An AP story on the fine print behind the GOP’s alleged concern for workers earning the minimum wage reports:
Nevada, California and Washington are among seven states where workers get to keep their tips on top of getting paid their state’s full minimum wage. In other states, tip-earning workers get paid less and make up the difference with tips. A provision in GOP-written minimum wage legislation passed by the House and under consideration this week by the Senate could change the law in those seven states — the others are Montana, Alaska, Minnesota and Oregon. It would deal a pay cut of $3 or more an hour to thousands of waiters, bellhops and hairdressers in those states, according to Democrats and labor groups. “Everything that has been achieved in seven states to support low-wage workers who earn tips is destroyed by this bill,” said Sen. Dianne Feinstein, D-California. “This bill would slash the salaries of thousands of workers.” Senate Minority Leader Harry Reid, D-Nevada, called the provision a “travesty.” Republicans and the National Restaurant Association, which opposes a minimum wage increase and fought for the tip provision, dispute the Democratic interpretation. They say the legislation is only intended to have an impact when the states in question increase their minimum wage — at which point the increase would come out of a worker’s tips, not an employer’s payroll. “No provision results in the lowering of wages for any worker. The purpose of the provision is to allow employers with tipped employees to count their employees’ tips as wages for purposes of meeting their minimum wage obligation,” Brendan Flanagan, a spokesman for the National Restaurant Association, said in a statement Tuesday after Democrats began raising concerns. A memo by the nonpartisan Congressional Research Service on Wednesday backed up the Democratic position. Under the bill language, the seven affected states “would seem to be prohibited from enforcing the minimum wage rate provisions of their laws with respect to a tipped employee” said the memo, written by Jon A. Shimabukuro, a legislative attorney at the research service, for Sen. Barbara Boxer, D-California.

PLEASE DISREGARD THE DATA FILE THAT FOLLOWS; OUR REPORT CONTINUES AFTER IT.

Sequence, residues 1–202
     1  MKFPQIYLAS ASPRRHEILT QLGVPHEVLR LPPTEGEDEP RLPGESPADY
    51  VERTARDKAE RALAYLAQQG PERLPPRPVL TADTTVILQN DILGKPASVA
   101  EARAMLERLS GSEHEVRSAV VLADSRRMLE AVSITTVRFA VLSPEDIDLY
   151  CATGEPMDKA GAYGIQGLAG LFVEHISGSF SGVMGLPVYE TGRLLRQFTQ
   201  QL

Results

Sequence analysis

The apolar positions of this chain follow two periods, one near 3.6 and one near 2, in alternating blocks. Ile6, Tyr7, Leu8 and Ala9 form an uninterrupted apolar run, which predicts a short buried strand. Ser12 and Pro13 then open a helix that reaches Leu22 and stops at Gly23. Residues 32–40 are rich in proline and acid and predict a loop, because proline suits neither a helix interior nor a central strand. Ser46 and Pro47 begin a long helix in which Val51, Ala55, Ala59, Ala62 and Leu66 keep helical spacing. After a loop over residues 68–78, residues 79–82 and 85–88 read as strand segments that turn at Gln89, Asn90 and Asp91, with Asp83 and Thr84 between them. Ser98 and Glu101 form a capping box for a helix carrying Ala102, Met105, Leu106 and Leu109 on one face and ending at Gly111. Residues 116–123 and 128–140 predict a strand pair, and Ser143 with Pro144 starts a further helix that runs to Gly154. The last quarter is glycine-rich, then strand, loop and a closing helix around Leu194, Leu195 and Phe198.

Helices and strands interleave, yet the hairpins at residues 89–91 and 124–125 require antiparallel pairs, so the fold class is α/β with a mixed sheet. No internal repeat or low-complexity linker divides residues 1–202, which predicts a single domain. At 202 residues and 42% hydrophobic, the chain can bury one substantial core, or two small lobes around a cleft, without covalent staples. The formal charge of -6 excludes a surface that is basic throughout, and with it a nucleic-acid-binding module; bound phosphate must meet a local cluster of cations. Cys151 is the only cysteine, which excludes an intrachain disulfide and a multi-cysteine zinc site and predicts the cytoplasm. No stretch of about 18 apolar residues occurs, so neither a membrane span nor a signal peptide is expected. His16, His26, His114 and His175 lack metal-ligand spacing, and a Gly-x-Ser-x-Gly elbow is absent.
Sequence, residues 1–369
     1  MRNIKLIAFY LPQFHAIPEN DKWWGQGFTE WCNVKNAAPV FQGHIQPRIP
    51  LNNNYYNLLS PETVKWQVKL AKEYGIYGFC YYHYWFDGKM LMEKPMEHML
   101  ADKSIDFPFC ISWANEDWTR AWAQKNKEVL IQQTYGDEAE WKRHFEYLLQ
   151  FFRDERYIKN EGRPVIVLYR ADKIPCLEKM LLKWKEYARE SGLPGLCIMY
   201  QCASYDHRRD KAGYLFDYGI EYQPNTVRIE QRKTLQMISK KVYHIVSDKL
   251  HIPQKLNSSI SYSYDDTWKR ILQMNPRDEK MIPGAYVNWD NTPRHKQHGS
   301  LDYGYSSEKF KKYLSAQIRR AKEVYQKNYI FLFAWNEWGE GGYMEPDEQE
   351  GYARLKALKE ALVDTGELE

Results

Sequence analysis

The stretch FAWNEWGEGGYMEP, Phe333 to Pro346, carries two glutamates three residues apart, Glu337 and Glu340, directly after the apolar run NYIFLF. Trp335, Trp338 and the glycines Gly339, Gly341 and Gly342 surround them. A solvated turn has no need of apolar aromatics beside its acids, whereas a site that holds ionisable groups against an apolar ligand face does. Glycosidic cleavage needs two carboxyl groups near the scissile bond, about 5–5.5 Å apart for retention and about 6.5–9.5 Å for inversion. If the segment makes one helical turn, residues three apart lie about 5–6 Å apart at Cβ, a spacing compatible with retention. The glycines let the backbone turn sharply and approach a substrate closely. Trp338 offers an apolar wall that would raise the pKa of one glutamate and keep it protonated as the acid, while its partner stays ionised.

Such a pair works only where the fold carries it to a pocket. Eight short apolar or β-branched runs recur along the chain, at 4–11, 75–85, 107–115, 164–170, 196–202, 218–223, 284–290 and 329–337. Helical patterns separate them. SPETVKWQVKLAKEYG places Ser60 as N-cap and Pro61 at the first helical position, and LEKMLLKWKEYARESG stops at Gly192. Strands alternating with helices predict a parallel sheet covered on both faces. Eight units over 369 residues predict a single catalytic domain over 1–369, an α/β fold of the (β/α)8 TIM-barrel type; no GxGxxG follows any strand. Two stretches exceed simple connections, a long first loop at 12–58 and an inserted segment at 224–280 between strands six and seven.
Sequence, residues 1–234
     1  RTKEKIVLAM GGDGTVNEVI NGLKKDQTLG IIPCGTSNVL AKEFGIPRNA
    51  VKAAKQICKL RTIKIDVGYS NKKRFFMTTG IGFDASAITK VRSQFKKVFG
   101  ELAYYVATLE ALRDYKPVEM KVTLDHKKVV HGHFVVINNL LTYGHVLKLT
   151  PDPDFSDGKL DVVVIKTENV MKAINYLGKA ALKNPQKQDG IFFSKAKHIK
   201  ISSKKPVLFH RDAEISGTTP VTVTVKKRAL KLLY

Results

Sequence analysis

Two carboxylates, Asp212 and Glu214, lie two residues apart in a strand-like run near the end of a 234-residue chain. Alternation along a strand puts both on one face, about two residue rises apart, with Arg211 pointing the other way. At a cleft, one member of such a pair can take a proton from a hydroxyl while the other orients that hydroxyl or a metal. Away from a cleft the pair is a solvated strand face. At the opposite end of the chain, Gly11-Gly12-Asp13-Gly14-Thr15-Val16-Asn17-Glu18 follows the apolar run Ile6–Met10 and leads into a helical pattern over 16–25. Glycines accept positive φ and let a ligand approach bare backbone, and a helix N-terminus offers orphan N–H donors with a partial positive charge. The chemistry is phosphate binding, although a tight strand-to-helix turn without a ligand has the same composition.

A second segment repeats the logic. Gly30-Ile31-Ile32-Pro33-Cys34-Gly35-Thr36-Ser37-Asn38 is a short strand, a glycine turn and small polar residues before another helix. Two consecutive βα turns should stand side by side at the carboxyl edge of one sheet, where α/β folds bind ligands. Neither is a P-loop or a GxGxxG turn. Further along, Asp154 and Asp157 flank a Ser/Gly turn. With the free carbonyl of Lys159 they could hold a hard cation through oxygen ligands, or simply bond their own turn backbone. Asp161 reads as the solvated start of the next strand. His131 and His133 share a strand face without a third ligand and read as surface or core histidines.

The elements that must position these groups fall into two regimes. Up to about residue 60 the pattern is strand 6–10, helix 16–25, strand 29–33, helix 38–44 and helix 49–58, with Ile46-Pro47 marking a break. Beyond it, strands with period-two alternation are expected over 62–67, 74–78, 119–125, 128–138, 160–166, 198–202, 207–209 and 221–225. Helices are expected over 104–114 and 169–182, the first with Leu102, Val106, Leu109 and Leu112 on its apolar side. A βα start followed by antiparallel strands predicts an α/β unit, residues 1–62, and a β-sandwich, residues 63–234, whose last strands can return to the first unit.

It would seem that with anything coming from this Republican controlled Congress, one really needs to read the fine print. Yes, the National Restaurant Association wants to win in Washington, D.C. what it lost in the state legislatures. I guess when these Republicans have to choose between state rights and giving perks to their base, the base wins out over principles every time.